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An Adherence Intervention That Works -- But There's a Catch

By Paul E. Sax, M.D.

February 17, 2013

In a previous post, we reviewed the various flavors of medication non-adherence, and concluded with this tantalizing line:

Next up: "An Adherence Intervention that Actually Works -- But There's a Catch"

Well here it is, just published on-line in JAMA Internal Medicine.

Dr. Robert Gross (a long-time HIV adherence researcher from U. Penn) and colleagues enrolled 180 patients with HIV RNA of 1000 or higher who were starting or changing their HIV regimen. They were randomized to usual care versus an adherence intervention called Managed Problem Solving, or "MAPS". The study took place in three outpatient clinics in Philadelphia; study subjects could be treatment-naive or treatment-experienced. Participants were predominantly black, and 60% were men.

So what constituted MAPS? A trained "interventionist" -- someone who went through 15 hours of study-specific education -- met with the patient for 4 in-person sessions, some as long as 90 minutes; this was supplemented with 12 subsequent phone calls and then additional monthly calls for a year.

The good news is that the intervention worked: those in the MAPS group had a 1.78 (95% CI, 1.07-2.96) times greater chance of being in a higher adherence category than those receiving usual care, and there was a strong trend toward a higher likelihood of virologic suppression as well. Of note, 36% of the MAPS group and 26% of those in usual care dropped out of the study, a rate substantially higher than in most clinical trials of antiretroviral therapy, strongly suggesting this was a difficult-to-treat patient population.

So what's the catch? To say that the MAPS intervention would be difficult to institute in a non-study setting is a colossal understatement, as the vast majority of HIV clinics could never deploy the training, the personel, or the time for this kind of extra care. While the study authors argue that this intervention would nonetheless meet criteria for cost-effectiveness, such analyses typically take a societal perspective, and would not make MAPS feasible in a clinic with a limited budget.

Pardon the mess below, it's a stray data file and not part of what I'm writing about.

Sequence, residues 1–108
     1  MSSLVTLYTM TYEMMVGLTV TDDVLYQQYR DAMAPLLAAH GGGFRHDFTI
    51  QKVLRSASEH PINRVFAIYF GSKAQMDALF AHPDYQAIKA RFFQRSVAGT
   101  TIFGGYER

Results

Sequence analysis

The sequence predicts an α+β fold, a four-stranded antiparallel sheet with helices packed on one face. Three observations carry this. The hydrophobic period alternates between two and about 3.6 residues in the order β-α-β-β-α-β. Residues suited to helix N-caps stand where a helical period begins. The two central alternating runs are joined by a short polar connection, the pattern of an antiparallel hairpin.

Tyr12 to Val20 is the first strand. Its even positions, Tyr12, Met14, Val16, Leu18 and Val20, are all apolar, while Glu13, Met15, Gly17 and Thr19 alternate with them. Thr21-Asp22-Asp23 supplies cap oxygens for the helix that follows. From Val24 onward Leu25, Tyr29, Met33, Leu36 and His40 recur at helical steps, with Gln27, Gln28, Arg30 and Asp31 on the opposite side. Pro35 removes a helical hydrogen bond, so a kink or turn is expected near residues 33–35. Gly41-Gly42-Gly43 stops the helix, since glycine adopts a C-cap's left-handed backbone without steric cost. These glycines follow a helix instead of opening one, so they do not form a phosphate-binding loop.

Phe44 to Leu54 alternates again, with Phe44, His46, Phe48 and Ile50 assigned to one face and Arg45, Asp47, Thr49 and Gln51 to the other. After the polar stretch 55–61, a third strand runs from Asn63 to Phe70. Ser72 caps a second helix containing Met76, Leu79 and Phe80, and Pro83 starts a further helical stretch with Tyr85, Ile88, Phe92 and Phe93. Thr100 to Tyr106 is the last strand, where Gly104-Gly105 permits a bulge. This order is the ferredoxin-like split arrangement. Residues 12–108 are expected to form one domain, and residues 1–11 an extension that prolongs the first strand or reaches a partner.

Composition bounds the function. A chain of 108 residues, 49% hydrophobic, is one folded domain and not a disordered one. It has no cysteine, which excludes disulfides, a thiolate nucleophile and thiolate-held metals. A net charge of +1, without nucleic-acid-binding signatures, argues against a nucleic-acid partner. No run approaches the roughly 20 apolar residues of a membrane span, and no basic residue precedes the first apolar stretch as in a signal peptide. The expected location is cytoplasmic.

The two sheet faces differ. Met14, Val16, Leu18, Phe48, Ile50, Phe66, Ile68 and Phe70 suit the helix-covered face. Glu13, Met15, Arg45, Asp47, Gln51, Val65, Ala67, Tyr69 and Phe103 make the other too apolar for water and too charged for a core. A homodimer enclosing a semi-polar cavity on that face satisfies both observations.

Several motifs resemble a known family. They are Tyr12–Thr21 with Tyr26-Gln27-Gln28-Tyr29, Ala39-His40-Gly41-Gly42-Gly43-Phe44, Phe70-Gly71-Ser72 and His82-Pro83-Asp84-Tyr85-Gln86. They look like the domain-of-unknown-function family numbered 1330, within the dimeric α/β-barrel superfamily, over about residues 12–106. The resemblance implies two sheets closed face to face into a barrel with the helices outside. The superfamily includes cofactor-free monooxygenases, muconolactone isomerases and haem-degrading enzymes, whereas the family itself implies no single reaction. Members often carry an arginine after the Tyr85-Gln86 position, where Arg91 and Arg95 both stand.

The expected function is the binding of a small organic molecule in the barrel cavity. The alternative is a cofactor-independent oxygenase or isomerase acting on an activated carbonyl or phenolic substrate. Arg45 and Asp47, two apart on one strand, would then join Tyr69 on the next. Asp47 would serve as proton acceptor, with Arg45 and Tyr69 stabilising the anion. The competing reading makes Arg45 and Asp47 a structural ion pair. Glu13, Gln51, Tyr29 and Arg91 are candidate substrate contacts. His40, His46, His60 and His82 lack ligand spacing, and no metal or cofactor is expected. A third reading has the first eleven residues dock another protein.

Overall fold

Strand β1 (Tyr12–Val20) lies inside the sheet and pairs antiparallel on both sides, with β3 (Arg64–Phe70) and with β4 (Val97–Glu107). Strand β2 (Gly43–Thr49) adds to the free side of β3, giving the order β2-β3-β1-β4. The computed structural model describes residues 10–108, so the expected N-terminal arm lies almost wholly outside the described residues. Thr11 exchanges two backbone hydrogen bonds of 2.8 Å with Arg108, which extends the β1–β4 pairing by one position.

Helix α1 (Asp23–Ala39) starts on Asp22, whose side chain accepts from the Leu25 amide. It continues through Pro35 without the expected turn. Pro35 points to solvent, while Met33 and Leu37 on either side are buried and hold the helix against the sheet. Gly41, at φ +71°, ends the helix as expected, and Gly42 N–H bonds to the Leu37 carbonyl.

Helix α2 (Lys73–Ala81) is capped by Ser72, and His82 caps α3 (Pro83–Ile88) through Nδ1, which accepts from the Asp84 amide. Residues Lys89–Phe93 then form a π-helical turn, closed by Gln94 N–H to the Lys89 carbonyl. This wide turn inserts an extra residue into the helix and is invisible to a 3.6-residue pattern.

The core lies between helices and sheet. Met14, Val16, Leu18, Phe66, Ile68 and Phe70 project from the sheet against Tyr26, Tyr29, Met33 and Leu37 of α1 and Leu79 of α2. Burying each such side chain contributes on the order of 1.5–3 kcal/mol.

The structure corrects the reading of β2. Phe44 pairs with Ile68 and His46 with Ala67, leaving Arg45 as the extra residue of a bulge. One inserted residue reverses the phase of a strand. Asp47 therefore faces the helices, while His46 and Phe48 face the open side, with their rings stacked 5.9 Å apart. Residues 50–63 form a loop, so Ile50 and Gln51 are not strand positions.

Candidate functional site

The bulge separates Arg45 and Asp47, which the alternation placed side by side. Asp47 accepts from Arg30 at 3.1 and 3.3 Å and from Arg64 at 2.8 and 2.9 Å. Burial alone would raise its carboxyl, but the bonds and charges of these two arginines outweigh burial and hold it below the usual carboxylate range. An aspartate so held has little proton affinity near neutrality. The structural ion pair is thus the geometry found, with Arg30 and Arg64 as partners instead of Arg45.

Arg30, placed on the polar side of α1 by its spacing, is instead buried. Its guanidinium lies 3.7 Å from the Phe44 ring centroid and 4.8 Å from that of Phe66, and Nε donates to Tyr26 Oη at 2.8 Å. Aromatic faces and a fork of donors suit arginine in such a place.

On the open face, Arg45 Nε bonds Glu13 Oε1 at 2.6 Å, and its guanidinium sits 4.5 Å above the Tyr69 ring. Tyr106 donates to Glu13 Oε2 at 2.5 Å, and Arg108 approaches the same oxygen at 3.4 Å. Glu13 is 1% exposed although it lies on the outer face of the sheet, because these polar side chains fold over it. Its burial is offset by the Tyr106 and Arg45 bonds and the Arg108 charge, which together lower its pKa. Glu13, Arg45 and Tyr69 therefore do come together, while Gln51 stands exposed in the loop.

The solution? Editorialists argue for "real time" adherence monitoring using electronic pill containers connected to a central server through mobile networks. When in place, clinicians could detect individual lapses in pill-taking behavior, and intervene only for people who need it. (Presumably they could also use portable jet-packs to go visit those who need a house call.)

I do think this paper shows some progress in addressing the tricky problem of non-adherent patients (at least those who show up for care). It also demonstrates just how hard it will be to improve adherence, at least until we have some way of identifying ahead of time -- or in real-time, as suggested by the editorial — people who are bad at taking their meds.

Until then, enjoy this nifty 2-minute video on the HIV cascade from the CDC — your taxpayer dollars at work!



Paul Sax is Clinical Director of Infectious Diseases at Brigham and Women's Hospital. His blog HIV and ID Observations is part of Journal Watch, where he is Editor-in-Chief of Journal Watch AIDS Clinical Care.

In a previous post, we reviewed the various flavors of medication non-adherence, and concluded with this tantalizing line:

Next up: "An Adherence Intervention that Actually Works -- But There's a Catch"

Well here it is, just published on-line in JAMA Internal Medicine.

Dr. Robert Gross (a long-time HIV adherence researcher from U. Penn) and colleagues enrolled 180 patients with HIV RNA of 1000 or higher who were starting or changing their HIV regimen. They were randomized to usual care versus an adherence intervention called Managed Problem Solving, or "MAPS". The study took place in three outpatient clinics in Philadelphia; study subjects could be treatment-naive or treatment-experienced. Participants were predominantly black, and 60% were men.

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